Flying Wild Thing ~ The Troggs


Returning home from the Salvo upstairs on the number 18 bus was often traumatic. On this occasion, a bigger boy, on his way home from one of the other schools in the area, decided to impress his pals by tormenting that fat boy in the bright green blazer and ridiculous school cap. Me. He seized my school bag, and sorted through it looking for something to mock me with. It wasn't difficult - there was my copy of "Wild Thing" by The Troggs. Removing the disc from its sleeve, he chucked it out through the bus window. Whether or not this won the admiration of his audience, I don't recall. I just glumly accepted the humiliation, as I had been trained to do, of course, receiving violence from a superior having been a constant feature of life.

But as I looked out of the window to bid Reg Presley's recording a final farewell, a wonderful thing happened. The bus had just pulled into the stop outside Mac Fisheries supermarket in Station Road, Harrow. The disc fluttered down and landed on the roof of the bus shelter. And there it stayed.

This only compounded my torment. Day after day, returning from school, as the bus pulled into the stop I would gaze forlornly down on the disc, as the ravages of rain and sun gradually degraded it, the blue label fading and, I imagined, the Wildness washing out. Countless other people, no doubt, spotted my record resting on the bus shelter roof, as they peered out of the many buses which pulled in there each day. Which is why it is quite remarkable that, after several weeks, I myself witnessed its removal. Just as my bus was pulling out from the stop one day, a gust of wind lifted it up and dropped it into a group of girls from Heathfield School. "Where did that record come from? I heard one of them say.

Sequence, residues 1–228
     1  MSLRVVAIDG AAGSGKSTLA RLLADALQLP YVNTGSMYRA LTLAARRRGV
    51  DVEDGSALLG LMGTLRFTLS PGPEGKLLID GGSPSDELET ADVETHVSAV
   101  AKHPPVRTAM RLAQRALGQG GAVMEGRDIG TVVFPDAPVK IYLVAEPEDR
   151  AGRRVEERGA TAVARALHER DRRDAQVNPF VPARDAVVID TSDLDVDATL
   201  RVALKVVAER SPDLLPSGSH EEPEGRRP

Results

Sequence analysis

I suppose she took it home. Whether or not it was still playable, I shall never know.
(Neill Taylor 64-71)


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